Now, don’t get us wrong. Without our incomparable professional/paid staff, there’d be no Baltimore County Recreation and Parks. While professional staff facilitates and provides guidance, it is our volunteers who do most of the programming, staff individual programs, and handle a myriad of details that allow the 46 Recreation and Nature Councils to run so successfully throughout our beautiful county. It really does take a team to make these programs and sites run – professional staff and volunteers.
Now, here’s a number that will knock your socks off… more than 23,000. That’s approximately how many volunteers we currently have running the councils, coaching athletics, assisting therapeutic programs, keeping time at a game, offering dancers and artists that ever important outlet to hone and share their skills, coordinating leagues, chairing programs, raising funds, overseeing gardens, keeping score, leading hikes and more. The list of volunteer jobs just keeps going and growing.
So, who are our volunteers? Your neighbors, your friends, that college kid down the street. Our volunteers are people like Frank “Skip” Hammond, a ten plus year volunteer who is President of the Edgemere-Sparrows Point Recreation Council. Mr. Hammond sums up the volunteer experience with his comment, “being a recreation council volunteer is well worth the time and effort because you are able to see the positive changes in the community youth from their involvement in the programs your Rec Council provides. It is not about your Rec achievements, your Rec titles or awards, it always first and foremost about providing the best and most diverse opportunities for the kids.”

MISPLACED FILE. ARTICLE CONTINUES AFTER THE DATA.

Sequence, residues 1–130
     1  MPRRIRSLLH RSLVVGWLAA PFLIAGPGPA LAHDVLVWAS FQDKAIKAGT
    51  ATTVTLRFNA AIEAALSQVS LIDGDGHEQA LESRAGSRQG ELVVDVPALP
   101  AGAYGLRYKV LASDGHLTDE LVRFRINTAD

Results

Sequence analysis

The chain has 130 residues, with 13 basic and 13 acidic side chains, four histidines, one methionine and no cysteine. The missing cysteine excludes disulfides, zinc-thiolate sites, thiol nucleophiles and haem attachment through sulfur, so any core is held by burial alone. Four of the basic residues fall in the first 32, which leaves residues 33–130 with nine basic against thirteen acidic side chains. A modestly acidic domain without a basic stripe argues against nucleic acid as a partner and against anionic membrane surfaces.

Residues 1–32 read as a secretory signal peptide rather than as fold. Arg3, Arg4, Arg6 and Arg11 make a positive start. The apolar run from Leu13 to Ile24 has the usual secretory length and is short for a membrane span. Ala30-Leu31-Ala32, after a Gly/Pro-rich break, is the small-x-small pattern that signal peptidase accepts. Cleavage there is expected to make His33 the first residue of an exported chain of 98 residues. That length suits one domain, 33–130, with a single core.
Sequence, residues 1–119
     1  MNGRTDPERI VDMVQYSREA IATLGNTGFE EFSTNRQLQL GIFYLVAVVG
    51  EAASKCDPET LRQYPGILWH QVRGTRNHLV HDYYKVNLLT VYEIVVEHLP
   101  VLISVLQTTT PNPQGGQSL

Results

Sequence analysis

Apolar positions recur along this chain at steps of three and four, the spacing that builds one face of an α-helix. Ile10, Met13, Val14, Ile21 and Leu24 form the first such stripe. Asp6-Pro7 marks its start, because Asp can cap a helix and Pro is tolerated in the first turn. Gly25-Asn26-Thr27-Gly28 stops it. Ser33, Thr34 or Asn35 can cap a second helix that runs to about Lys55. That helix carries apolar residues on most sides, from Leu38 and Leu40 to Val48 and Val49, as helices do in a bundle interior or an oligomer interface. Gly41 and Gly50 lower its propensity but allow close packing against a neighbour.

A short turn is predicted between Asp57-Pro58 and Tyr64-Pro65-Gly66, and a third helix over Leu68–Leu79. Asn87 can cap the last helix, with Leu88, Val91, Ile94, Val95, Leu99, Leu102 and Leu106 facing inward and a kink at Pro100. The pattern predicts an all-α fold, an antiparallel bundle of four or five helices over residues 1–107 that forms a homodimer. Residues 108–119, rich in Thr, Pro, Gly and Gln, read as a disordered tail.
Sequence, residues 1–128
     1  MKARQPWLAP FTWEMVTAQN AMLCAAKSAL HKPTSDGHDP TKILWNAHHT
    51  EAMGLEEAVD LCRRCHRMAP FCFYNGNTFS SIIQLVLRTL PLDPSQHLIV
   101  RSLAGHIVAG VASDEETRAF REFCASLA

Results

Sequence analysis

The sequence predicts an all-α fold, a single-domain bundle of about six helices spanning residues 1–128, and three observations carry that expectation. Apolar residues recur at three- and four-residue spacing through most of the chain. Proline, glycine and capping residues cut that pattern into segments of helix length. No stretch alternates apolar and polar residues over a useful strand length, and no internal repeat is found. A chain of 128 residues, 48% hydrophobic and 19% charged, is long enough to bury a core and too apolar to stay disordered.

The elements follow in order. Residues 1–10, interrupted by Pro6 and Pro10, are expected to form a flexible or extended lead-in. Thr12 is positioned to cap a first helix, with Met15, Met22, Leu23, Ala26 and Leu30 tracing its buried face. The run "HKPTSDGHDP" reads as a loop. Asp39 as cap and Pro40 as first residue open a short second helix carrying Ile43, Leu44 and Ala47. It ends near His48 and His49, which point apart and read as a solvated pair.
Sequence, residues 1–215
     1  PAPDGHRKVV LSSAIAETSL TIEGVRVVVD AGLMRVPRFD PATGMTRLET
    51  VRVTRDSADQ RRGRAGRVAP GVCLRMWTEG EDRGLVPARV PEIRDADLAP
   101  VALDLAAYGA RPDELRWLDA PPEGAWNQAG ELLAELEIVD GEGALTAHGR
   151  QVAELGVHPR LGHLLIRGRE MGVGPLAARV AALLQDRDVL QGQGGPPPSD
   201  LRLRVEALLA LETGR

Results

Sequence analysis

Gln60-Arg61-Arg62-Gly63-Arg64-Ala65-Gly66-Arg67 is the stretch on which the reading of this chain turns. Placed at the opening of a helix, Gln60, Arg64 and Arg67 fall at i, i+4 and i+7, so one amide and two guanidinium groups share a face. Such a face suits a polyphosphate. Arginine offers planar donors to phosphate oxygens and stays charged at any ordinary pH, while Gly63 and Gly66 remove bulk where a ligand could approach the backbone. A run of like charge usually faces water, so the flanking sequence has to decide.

What do our volunteers all have in common? They are there for the program participants and they work to make a difference. They want to help youngsters develop through recreation, have fun, and they demonstrate the importance of giving back to the community.
You can’t pay enough to get folks like our volunteers. It is out of the kindness of their hearts, their willingness to make that difference. They seek out opportunities to build a smile, teach a skill and share the joys of developing community through recreation – that’s what our volunteers are all about!
So, we ask the question again…Who are our volunteers? Could it be you? The following is a link to all the recreation offices throughout the county. You’re almost certain to find something near your home or office in our county. Just visit our
Recreation and Parks Volunteer page.
Just something to think about – 23,000, plus YOU. How’s it feel to know you can make a difference?!Thu, 23 Apr 2015 18:36:00 GMThttp://www.baltimorecountymd.gov/News/BaltimoreCountyNow/The_Real_MVPs_of_Recreation
The Perfect Location
US Lacrosse has begun construction of a new $15 million national headquarters complex in Sparks, Maryland. The 12 acre center includes an outdoor training facility for US National men’s and women’s teams, the Lacrosse Museum and National Lacrosse Hall of Fame, classrooms and offices.
“Sparks is the perfect location for the headquarters of lacrosse, Maryland’s official team sport,” said Baltimore County Executive Kevin Kamenetz. “We applaud the work US Lacrosse does to nurture teamwork, athletics and the spirit of good sportsmanship in our youth. We are proud to be the new home of a national athletic training facility, and look forward to cheering our national teams when they train in Baltimore County.”
About US Lacrosse
US Lacrosse, the governing body for what it calls America's fastest-growing sport, brings 70 employees to Baltimore County. The association has more than 430,000 members nationwide, with 67 chapters in 45 states.
The new national lacrosse center will be located at York Road and Loveton Circle in Sparks.Thu, 23 Apr 2015 18:00:00 GMThttp://www.baltimorecountymd.gov/News/BaltimoreCountyNow/US_Lacrosse_Breaks_Ground_for_New_National_Headquarters_Complex_in_Sparks